“Judith Finlayson….brings us to the cutting edge of science, showing how the study of epigenetics has heightened our understanding of the mechanisms underlying diseases such as obesity, diabetes, hypertension and heart disease.” Foodista

“If this topic intrigues you, you don’t need to power through a pile of research papers to learn more. In the new book You Are What Your Grandparents Ate: What You Need to Know About Nutrition, Experience, Epigenetics & the Origins of Chronic Disease, Toronto journalist and author Judith Finlayson has done that work for you.” Carrie Dennett, The Seattle Times

“Real science laid out in simple terms makes this book a great resource that is easy to understand. Judith gives you real information that you can easily incorporate into your life so you can live your healthiest and most fulfilling life. Fitness for the Rest of Us.


A Whole Grains Primer

As a parent, you play a key role in fostering the healthy development of your offspring. Good nutrition is one of the most valuable tools you have for helping to keep your children on the proper growth trajectory and its benefits begin early. Reseach indicates that a healthy diet in early childhood can help to overcome any deficiencies that may have developed during pregnancy. A nutrient-dense diet will also help to ensure that those body systems that are still quite plastic in children, such as the brain, liver and immune system, will develp properly. Because all parts of their bodies are still developing, children have a vital need for the nutrients that a healthy, balanced diet provides.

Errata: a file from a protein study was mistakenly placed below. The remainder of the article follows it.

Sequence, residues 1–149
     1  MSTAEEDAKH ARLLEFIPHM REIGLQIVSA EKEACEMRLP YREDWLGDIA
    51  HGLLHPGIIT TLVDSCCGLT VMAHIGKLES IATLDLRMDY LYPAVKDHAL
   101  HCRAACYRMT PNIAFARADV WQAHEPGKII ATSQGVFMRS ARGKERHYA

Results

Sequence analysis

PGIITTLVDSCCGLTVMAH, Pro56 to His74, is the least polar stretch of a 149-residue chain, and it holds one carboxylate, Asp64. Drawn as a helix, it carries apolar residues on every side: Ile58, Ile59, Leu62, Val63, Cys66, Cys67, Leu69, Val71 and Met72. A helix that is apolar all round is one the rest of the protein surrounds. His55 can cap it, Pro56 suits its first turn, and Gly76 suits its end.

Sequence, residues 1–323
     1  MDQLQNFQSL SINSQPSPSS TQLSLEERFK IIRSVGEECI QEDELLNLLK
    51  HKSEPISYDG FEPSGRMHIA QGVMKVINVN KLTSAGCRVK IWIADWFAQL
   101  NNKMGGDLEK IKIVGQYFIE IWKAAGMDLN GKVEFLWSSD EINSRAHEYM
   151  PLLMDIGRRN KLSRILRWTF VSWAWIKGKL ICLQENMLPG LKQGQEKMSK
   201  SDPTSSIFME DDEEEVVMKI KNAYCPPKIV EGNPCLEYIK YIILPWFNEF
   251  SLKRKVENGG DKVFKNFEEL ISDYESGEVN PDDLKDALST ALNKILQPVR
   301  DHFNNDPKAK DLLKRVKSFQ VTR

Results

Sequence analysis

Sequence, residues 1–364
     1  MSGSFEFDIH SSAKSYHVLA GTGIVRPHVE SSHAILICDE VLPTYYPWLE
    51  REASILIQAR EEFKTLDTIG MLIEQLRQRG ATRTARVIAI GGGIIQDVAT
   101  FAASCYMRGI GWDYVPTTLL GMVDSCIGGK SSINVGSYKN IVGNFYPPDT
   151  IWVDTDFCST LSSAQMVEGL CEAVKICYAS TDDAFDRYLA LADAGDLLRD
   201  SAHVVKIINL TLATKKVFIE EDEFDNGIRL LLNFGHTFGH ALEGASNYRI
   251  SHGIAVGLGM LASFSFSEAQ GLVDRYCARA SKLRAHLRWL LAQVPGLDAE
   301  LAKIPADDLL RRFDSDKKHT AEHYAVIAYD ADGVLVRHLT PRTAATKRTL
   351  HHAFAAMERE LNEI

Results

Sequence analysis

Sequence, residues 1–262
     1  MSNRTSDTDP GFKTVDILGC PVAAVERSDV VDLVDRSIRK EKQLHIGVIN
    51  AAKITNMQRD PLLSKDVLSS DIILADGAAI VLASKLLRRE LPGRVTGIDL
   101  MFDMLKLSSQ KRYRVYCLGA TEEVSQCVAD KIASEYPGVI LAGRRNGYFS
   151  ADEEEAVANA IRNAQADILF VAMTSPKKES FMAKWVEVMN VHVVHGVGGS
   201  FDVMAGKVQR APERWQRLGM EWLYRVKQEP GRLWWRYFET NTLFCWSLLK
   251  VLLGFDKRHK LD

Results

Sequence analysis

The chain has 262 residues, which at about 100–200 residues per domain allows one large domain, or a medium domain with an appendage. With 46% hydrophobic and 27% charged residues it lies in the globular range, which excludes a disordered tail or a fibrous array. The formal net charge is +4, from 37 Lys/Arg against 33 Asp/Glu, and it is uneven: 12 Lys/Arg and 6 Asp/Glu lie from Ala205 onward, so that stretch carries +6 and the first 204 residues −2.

Your parental responsibilities also extend to yourself.  Best parenting practices include taking care of your own health by consuming food that supports your well-being.

Whole grains are a key component of a nutritious diet. Expert opinions, such as those compiled in the US dietary guidelines and Canada’s Food Guide recommend eating whole grains as part of a healthy eating pattern. The problem is, there is a lot of confusion about whole grains --- what they are and  even whether they are good for you.  The following “whole grain primer”  is intended to answer any questions you might have about whole grains and further your education on why they are beneficial for your family’s health.

What are Whole Grains?

Whole grains are the seeds of certain plants. The inedible outermost layer (husk) of the grain is removed, leaving the resulting “berry” or “groat.” They differ from grains that are not whole (refined) because they contain all three parts of the grain: bran, germ and endosperm.